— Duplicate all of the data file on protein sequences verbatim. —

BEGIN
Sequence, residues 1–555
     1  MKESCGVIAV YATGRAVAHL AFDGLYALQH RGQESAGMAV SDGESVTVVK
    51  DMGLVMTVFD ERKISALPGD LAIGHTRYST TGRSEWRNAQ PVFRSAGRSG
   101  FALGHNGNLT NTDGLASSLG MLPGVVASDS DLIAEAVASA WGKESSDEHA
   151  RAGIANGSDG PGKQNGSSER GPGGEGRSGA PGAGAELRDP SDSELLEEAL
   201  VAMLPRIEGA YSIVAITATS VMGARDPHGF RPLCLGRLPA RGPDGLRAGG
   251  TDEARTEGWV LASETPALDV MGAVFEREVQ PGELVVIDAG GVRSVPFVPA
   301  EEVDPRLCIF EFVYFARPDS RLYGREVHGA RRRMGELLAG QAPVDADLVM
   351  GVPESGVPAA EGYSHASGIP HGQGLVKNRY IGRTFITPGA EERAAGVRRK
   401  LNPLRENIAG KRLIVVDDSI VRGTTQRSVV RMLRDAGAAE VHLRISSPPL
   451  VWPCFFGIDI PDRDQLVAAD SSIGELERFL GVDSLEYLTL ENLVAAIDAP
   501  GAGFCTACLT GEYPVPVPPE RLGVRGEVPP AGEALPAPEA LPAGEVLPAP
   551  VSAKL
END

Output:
Sequence, residues 1–555
     1  MKESCGVIAV YATGRAVAHL AFDGLYALQH RGQESAGMAV SDGESVTVVK
    51  DMGLVMTVFD ERKISALPGD LAIGHTRYST TGRSEWRNAQ PVFRSAGRSG
   101  FALGHNGNLT NTDGLASSLG MLPGVVASDS DLIAEAVASA WGKESSDEHA
   151  RAGIANGSDG PGKQNGSSER GPGGEGRSGA PGAGAELRDP SDSELLEEAL
   201  VAMLPRIEGA YSIVAITATS VMGARDPHGF RPLCLGRLPA RGPDGLRAGG
   251  TDEARTEGWV LASETPALDV MGAVFEREVQ PGELVVIDAG GVRSVPFVPA
   301  EEVDPRLCIF EFVYFARPDS RLYGREVHGA RRRMGELLAG QAPVDADLVM
   351  GVPESGVPAA EGYSHASGIP HGQGLVKNRY IGRTFITPGA EERAAGVRRK
   401  LNPLRENIAG KRLIVVDDSI VRGTTQRSVV RMLRDAGAAE VHLRISSPPL
   451  VWPCFFGIDI PDRDQLVAAD SSIGELERFL GVDSLEYLTL ENLVAAIDAP
   501  GAGFCTACLT GEYPVPVPPE RLGVRGEVPP AGEALPAPEA LPAGEVLPAP
   551  VSAKL